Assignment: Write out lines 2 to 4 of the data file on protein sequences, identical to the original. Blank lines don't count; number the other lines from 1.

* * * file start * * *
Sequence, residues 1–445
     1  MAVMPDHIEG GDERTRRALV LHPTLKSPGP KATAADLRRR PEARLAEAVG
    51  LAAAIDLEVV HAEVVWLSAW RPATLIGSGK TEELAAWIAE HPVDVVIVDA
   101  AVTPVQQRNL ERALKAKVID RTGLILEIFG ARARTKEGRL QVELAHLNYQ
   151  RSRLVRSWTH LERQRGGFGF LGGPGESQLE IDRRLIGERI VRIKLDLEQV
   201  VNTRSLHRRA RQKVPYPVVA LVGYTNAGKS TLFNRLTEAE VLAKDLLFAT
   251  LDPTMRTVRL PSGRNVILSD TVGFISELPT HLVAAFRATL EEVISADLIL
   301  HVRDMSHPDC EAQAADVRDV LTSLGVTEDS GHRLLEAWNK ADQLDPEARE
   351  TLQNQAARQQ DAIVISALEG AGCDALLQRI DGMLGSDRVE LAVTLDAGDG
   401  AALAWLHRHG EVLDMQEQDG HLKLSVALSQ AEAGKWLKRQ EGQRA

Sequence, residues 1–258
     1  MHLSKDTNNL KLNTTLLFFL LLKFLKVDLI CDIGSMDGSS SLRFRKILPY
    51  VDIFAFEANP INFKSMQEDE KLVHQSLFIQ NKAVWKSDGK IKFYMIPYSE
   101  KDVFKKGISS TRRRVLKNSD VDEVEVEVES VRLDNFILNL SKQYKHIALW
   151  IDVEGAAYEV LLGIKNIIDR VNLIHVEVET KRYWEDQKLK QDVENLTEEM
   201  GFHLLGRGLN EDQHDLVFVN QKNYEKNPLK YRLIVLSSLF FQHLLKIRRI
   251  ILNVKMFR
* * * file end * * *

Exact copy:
     1  MAVMPDHIEG GDERTRRALV LHPTLKSPGP KATAADLRRR PEARLAEAVG
    51  LAAAIDLEVV HAEVVWLSAW RPATLIGSGK TEELAAWIAE HPVDVVIVDA
   101  AVTPVQQRNL ERALKAKVID RTGLILEIFG ARARTKEGRL QVELAHLNYQ